I started Preemo in my kitchen 9 years ago today.
I had lost my job working as an IT director, and didn’t know what was next. I started fixing computers at home, then moved to a small attic space in my dad’s office. I thought retail was the right route, and opened TechBar a few years later. It grew, and became its own, separate business. Preemo evolved in parallel, to support businesses and their IT needs, and eventually to become a Managed Service Provider.
Today, we’re 15 hyper-driven professionals, supporting 130+ companies all across South Florida. We solve 7000+ support requests per year, and have won all kinds of awards.
But I took a step back this year, to reflect on what I’ve learned during the journey. Here’s what I came up with:
1. There’s no manual, so you have to be a shape-shifter.
If there’s one phrase I’ve repeated the most to our team, it’s “There’s no book on how to run Preemo, we make it up every day.” That’s held true since the beginning, as we reinvent the way we operate on a regular basis. If you decide to start a business that’s not novel (like an IT company), you still have to be creative to succeed. Our ability to adjust over time, and to not always follow “the way everyone else does it” has absolutely contributed to our unusual growth in our industry.
2. Good people are important. Great people change your business.
Every incredible CEO will tell you their business is built by the incredible team of people that run and operate the company. Preemo is exactly the same. Our team is carefully selected in the recruiting process, and are on-boarded with a very specific training process to ensure they not only do they’re job the way Preemo expects it, but that they understand our mission, vision, and values, and apply them to their work. We encourage and compensate for growth, whether it be continuing education, certification, or any kind of activity that enhances the abilities of our team. We keep each other in check, ensuring that weak links are nurtured, and that strong links are encouraged.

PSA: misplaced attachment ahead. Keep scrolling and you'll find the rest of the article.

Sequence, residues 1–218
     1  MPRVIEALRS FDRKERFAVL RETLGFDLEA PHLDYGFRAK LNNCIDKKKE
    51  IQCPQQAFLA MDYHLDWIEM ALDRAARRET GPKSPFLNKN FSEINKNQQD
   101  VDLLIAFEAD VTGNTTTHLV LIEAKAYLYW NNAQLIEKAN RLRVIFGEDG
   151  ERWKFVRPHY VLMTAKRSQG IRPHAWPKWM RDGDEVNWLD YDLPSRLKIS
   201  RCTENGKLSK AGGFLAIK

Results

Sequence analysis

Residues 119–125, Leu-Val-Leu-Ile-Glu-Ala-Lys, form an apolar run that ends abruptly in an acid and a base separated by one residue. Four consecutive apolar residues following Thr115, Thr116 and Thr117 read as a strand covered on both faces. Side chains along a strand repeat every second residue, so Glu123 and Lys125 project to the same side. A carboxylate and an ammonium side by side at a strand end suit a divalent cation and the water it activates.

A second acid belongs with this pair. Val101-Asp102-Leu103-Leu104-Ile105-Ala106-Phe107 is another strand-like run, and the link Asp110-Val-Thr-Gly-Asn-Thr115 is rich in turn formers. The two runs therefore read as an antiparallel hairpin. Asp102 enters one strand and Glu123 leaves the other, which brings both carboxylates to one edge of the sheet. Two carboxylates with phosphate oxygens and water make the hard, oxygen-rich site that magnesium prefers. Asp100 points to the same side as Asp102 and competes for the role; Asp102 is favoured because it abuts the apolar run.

3. The best things happen in the worst moments.
In the middle of 2016, we lost our largest client. It was a punishing blow that got me pretty depressed for a period of time. In our business, where you’re signing 10-20 clients a year, losing a big one is a huge deal. But what it did more than anything – it made us aware. We knew exactly why we lost this client, and how it could have been prevented. We took measures to implement new processes and adjust existing ones to ensure that something like this could never happen again. And finally, one day in the office, we decided to stop looking back, and only look forward. 6 months later, we signed a larger client, who has stuck with us since then.
4. Relationships build businesses, but processes scale enterprises.
If you’ve met me, you know that I love to meet and interact with new people. I’ve even been called a “friend collector” (which I take as a compliment, although it sounds a bit creepy). Our business has benefited from my relationships over time, but I’ve learned that’s not sustainable. In order to scale Preemo, I’ve had to teach others how to build relationships, generate sales, and manage client relationships. We’ve had to create repeatable, documented processes for everything that we do, to ensure the business can operate without me involved.
5. We’re a Miami company, so we have to support Miami.
Every business should give back, right? Our involvement in the community, whether for the United Way, 200 Club of Greater Miami, or Impact Broward has given us new perspective on why we do what we do. As technology is often an area of weakness for non-profits, I’ve had the pleasure of helping a number of organizations make technology-related decisions, and ensured they were being cost conscious but also leveraging technology to its maximum capacity. As a result, community involvement has become a pillar of Preemo, and our team regularly participates in events around Miami-Dade.
6. It’s not fun if you’re not having fun.
What’s the point of all of this if you’re not having fun? There’s no shortage of hours or dollars invested in this company (I’m writing this on a Saturday afternoon). But the memories and opportunities we’ve created make it all worth it. I remember cracking open beers with our team when we signed our first managed services agreement. Sharing stories around my mom’s dinner table, as she hosts our annual holiday party. Watching several team members become parents.
I promised myself a long time ago that I’d stop doing this if it ever stopped being fun. It hasn’t happened yet, so I can’t wait to see what our next year has in store.
Happy Birthday, Preemo.